Types of Social Anxiety

The Different Types of Social Anxiety Disorder

There have been several attempts to classify people suffering from SAD into different subgroups. Since these subgroups differ from each other in certain aspects, a classification seems appropriate, especially when it comes to therapeutic approaches. A person that is socially anxious in almost every situation, for instance, is likely to have different necessities and might choose an approach that differs in duration and therapeutic focus, compared to a person who only experiences public speaking anxiety.

Classifying the Subtypes of Social Anxiety Disorder

Three different types of classifying individuals suffering from social anxiety disorder have been described and established:

  1. Classification according to the amount of feared situations:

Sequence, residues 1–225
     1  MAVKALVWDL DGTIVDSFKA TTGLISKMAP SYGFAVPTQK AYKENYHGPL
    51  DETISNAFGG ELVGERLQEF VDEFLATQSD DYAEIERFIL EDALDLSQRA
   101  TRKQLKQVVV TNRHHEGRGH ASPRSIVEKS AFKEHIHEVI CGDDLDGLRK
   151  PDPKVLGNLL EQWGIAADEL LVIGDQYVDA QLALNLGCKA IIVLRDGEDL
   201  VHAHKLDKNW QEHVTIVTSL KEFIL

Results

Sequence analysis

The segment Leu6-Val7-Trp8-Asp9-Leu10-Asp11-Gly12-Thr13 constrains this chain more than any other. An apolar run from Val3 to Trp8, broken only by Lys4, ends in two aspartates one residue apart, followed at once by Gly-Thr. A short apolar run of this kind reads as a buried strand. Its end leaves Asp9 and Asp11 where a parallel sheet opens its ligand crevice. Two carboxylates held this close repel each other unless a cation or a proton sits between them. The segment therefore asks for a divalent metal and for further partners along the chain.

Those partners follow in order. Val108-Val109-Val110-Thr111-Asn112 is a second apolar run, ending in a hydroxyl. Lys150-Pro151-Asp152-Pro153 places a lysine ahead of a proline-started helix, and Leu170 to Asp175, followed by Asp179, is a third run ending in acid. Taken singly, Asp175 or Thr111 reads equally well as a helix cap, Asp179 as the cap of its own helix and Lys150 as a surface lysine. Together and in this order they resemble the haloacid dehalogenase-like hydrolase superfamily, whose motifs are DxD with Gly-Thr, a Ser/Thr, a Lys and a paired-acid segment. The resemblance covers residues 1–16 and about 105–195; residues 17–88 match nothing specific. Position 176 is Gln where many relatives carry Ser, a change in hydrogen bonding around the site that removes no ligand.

• generalized subtype (fear in most social situations; earlier onset; believed to have a stronger underlying genetic component)
    • nongeneralized subtype (fear in most social situations, but at least one area of normal functioning in the social realm)
    • specific subtype (only experience fear in a limited number of social settings, such as public speaking)
  2. Classification according to the types of feared situations:
    • performance situations (most common is public speaking anxiety; believed to often be the result of a traumatic conditioning experience)
    • interaction situations (e.g. conversing with co-workers or an attractive person of the opposite sex)
    • observation situations (such as being observed while writing or making a payment)
  3. Classification according to the focus of the social fears:
    • acting in an inept fashion or engaging in an unacceptable behavior (like saying something stupid or being the reasons others have to wait)
    • displaying physical signs of anxiety (sweating, trembling, blushing, erectile difficulties etc.)
    • offending others (in Japan called: Taijin Kyofusho, but also prevalent in non-collectivist cultures; fear of causing discomfort to others)
Individuals with generalized social anxiety disorder fear the majority of social situations. Experts believe that the genetic component plays an important role for these individuals.

Keep reading → Do you suffer from social anxiety?